Title:
METHOD FOR OPTICALLY MEASURING THREE-DIMENSIONAL COORDINATES AND CALIBRATION OF A THREE-DIMENSIONAL MEASURING DEVICE
Kind Code:
A1


Abstract:
A method for scanning and obtaining three-dimensional (3D)l coordinates is provided. The method includes providing a 3D measuring device having a projector, a first camera and a second camera. The method records images of a light pattern emitted by the projector onto an object. A deviation in a measured parameter from an expected parameter is determined. The calibration of the 3D measuring device may be changed when the deviation is outside of a predetermined threshold.



Inventors:
Hillebrand, Gerrit (Waiblingen, DE)
Heidemann, Rolf (Stuttgart, DE)
Ossig, Martin (Tamm, DE)
Application Number:
14/844691
Publication Date:
03/10/2016
Filing Date:
09/03/2015
Assignee:
FARO TECHNOLOGIES, INC.
Primary Class:
International Classes:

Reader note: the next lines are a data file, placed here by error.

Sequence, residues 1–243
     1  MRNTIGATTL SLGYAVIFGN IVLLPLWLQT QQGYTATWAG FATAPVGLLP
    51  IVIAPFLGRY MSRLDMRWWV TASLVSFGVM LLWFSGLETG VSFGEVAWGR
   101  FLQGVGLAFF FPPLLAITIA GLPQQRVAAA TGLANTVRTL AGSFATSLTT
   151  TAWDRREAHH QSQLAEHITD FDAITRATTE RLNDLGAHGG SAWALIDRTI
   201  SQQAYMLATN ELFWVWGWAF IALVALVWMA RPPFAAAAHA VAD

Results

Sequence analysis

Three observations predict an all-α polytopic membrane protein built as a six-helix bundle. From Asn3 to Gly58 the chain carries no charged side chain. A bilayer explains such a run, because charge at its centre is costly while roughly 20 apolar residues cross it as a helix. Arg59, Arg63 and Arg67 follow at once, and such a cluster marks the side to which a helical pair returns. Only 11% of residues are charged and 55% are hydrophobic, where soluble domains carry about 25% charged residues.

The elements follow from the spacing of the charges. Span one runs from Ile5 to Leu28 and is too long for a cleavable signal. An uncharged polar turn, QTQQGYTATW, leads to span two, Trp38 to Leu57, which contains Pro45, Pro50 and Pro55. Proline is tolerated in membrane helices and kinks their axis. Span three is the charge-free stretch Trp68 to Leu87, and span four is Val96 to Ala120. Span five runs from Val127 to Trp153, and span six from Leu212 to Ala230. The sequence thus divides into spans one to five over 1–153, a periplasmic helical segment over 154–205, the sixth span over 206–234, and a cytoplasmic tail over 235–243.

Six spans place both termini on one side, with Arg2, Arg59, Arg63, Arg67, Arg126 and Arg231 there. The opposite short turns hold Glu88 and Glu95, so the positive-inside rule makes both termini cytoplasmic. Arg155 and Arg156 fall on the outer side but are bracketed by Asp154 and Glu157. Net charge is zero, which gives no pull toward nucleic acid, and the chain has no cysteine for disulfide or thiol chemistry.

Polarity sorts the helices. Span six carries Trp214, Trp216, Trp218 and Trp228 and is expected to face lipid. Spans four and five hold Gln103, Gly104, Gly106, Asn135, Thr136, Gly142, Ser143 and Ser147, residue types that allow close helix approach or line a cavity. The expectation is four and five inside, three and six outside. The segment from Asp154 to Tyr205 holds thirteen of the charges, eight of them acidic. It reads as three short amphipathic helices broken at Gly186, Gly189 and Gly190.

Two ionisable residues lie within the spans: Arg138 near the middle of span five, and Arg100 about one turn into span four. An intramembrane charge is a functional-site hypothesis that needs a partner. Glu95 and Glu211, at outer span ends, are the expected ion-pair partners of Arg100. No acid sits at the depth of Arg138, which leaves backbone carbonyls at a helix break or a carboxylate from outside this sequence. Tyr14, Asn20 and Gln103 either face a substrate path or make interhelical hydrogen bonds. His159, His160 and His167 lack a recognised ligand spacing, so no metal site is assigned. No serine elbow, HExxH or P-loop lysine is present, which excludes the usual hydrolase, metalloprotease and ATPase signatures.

H04N13/02; G01B11/00; G06T7/00
View Patent Images:



Primary Examiner:
SAFAIPOUR, HOUSHANG
Attorney, Agent or Firm:
CANTOR COLBURN LLP - FARO TECHNOLOGIES INC. (20 Church Street 22nd Floor Hartford CT 06103)
Claims:
1. Method for optically scanning and measuring an environment, the method comprising: providing a three-dimensional (3D) measurement device having a first camera, a second camera and a projector, the 3D measurement device further having a control and evaluation device operably coupled to the at least one camera and the projector, the control and evaluation device having memory; emitting a light pattern onto an object with the projector; recording a first image of the light pattern with the first camera at a first time; recording a second image of the light pattern with the second camera at the first time; producing a 3D scan of the object based at least in part on the first image and the second image; selecting at least one point in the first image and the second image; determining a first 3D coordinates of the at least one point in the first image based at least in part on a first set of calibration parameters; determining a second 3D coordinates of the at least on point in the second image based at least in part on the first set of calibration parameters; determining a deviation based at least in part on the first 3D coordinates and the second 3D coordinates; determining a second set of calibration parameters based at least in part on the deviation; and storing the second set of calibration parameters in memory.